We’ve been experimenting with making our own pack baskets. The first one, though quite sturdy, isn’t terribly functional. It will make a pretty basket for around the house though.
The coyotes have been so loud. Seraphina calls back to them from the porch and various windows. She speaks their language nearly as well as she is beginning to speak our own. It sounds as though they are right outside my window just now, as they very well may be.
The first baking day of the school year we usually have a celebration. Since this time around it happened to land on the day before shopping day, our options were limited. While the older boys helped an elderly neighbor out for a couple of hours, I took the younger ones apple picking. The sheep are grazing in the orchard just now. Licorice has grown a great deal. She’s fully weaned, but she still comes running when she hears our voices.
We baked what I referred to as strudel, though it really wasn’t. The crust wasn’t thin and crisp as the term strudel would imply. Iain said it should properly be called a “cake wrapped pie”. It was gigantic, that’s the same tray that I serve our Thanksgiving turkey on, and incredibly delicious! We made a smaller, unsweetened one for the tiny girl.
Seeking to reconcile our old schedule with the new, the end of the week found us at the pond. On of my goals this year is to get us all outside as much as possible. I like, maybe even prefer, the beach in the off season. It’s so quiet and peaceful. When Iain and Elijah were little, we lived down the road from a lake where they used to dump a big load of sand every autumn. We would walk down with shovels and they spent many a happy hour digging away. When they grew tired of the digging- did that ever actually happen?- there were kites to fly.
The ruins of a giant, grand, old sandcastle greeted us that first week. We come prepared with lots of extra towels, changes of clothes, sweaters. And our lessons continue on in this place in their own manner. The older ones are teaching the younger ones to swim, though I can’t imagine that carrying on for much longer. Still, the water is bracing, it feels strong, like having the courage to jump in fortifies them and I’m content to have them out in it as deep into the season as they please.
Galen who will spend much of this year studying animals, gets to encounter them in their own world. In his own world, which they are both equally a part of, whether it be a snail found resting at the water’s edge or the great egret that we’ll pour over guide books reading about later. Mairi Rose and I draw forms, letters and numbers- both giant and small- in the sand with our fingers and toes. The learning experiences provided for little Seraphine are too numerous and abstract to recount. Lessons of balance, endurance, time, repetition, consistency and change.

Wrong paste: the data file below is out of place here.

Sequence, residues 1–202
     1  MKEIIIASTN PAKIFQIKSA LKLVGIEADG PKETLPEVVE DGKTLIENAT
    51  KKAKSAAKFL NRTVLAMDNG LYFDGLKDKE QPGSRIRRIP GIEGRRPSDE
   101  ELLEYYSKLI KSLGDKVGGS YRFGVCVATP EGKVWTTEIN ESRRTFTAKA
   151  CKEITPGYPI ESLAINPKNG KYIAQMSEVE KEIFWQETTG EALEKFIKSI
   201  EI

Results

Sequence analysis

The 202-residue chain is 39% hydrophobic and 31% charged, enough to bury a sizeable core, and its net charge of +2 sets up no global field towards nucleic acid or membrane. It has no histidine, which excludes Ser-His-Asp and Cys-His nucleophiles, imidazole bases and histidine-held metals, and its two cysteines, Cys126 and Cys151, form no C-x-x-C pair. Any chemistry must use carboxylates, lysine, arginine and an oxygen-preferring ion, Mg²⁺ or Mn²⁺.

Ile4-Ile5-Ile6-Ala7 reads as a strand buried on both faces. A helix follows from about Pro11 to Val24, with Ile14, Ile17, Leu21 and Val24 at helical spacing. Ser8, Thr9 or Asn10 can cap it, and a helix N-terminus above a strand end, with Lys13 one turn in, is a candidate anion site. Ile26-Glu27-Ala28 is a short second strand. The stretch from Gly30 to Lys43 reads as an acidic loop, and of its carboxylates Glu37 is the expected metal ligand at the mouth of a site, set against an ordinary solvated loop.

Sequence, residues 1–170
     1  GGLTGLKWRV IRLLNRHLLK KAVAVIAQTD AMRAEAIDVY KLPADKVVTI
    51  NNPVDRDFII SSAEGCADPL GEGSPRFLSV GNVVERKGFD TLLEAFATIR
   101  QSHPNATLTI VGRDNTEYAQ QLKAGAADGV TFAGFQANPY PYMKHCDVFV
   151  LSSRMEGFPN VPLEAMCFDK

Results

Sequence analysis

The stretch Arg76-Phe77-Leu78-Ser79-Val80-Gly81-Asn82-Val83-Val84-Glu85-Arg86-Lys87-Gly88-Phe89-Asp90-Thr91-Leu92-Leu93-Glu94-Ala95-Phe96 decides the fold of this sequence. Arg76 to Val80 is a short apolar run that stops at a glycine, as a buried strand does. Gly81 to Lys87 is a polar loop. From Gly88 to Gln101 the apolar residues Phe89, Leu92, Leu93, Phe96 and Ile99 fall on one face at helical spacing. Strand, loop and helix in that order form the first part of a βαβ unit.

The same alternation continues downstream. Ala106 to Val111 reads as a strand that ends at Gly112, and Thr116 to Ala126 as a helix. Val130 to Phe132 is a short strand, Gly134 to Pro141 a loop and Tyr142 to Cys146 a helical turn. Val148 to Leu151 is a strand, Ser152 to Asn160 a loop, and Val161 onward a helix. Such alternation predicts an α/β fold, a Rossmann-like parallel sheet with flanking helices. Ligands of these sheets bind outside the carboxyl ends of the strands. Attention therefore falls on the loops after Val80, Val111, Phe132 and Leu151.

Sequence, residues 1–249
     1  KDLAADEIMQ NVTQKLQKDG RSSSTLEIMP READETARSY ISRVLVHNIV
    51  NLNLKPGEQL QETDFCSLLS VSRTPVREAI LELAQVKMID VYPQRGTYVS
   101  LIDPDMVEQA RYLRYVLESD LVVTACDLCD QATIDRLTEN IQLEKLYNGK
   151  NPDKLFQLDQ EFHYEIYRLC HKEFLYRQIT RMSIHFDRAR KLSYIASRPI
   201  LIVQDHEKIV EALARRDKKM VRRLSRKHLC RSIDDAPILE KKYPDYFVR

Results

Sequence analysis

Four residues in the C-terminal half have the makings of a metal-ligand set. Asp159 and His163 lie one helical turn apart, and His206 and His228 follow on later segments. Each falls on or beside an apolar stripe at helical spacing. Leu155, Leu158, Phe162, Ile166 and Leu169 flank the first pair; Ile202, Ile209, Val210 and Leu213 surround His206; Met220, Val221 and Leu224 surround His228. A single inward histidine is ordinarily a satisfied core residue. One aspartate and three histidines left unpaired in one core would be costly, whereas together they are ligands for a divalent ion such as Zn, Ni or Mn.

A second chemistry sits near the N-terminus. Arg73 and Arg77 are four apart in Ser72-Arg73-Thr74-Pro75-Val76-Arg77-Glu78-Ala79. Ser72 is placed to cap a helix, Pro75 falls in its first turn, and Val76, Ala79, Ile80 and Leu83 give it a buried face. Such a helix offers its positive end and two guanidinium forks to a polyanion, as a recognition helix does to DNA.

Every week that I manage to end at the pond, connecting with nature and each other is a week I will consider a success.
In this case I think it’s understandable, this one is a beauty with a lot of charm – you know, for a wood pile! Once our regular wood storage was full Steve decided to get a bit creative with the over-flow and, along with Iain and Elijah, spent a portion of last week building a holzhausen. This is an old-fashioned, European, beehive shaped stack- practical for a number of reasons, but artful as well.
Later in the week we were entertaining house guests from out of state; old friends that we cherish dearly, but scarcely get to see.
Licking the icing off the beaters on the eve of her birthday. She cried when we tried to take it back to wash it!
In the spot where we first laid her out almost exactly a year before to examine all her wonderful, sweet, precious, newness.
Galen’s gift to her was Peter and the Wolf performed as a puppet show.
I’ve been planning birthday dresses for her since the day she was born, even before actually. In my mind this year’s was to be a smocked bishop dress in colors to coordinate with her birthday sweater. Does it go without saying that the birthday sweater was planned ages ago? While I was still pregnant I had one pattern picked out for a boy baby and one for a girl baby.
Only I’m trying really hard not to spend money whenever possible and a bishop dress requires three yards of high quality fabric, which doesn’t come cheap. I challenged myself to make her something from supplies I already had. Which was actually really frustrating for me. I tend to get caught up with a certain vision of what a project should be and it’s hard to shift gears. I tried all sorts fabric and pattern combination and nothing seemed right. Finally I struck on this pairing of an antique lace collar with a spring green cotton-silk blend.
With a violet for her hair. My darling little harbinger of spring. What to say of the joy that is a baby girl due on the equinox? Our Sweet Wild Violet. Dear Seraphina Violet Juliette.
We were planning a little party but everyone had been sick the week before and we were still kind of worn out. Steve and I decided that we really just wanted to spend a quiet day playing with our baby and her siblings, not running around cooking and cleaning and worrying about whether she will be sleeping when people arrive or not?